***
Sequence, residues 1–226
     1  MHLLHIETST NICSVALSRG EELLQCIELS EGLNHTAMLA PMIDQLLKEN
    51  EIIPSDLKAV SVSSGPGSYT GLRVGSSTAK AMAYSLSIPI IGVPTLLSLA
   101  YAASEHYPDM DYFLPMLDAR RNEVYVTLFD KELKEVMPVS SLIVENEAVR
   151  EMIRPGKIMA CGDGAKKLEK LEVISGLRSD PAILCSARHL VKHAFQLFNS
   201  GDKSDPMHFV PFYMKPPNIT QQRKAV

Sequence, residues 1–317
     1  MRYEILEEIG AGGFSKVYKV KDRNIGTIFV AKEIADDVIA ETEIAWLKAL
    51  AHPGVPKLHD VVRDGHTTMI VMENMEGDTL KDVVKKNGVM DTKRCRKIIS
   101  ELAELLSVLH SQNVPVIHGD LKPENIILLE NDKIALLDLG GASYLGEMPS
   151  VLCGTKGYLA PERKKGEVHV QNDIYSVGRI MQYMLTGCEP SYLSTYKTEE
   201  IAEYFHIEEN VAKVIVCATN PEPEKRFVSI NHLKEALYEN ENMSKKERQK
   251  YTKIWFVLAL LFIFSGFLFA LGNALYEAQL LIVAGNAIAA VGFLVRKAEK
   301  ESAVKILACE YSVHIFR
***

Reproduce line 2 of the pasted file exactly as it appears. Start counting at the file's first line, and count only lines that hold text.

     1  MHLLHIETST NICSVALSRG EELLQCIELS EGLNHTAMLA PMIDQLLKEN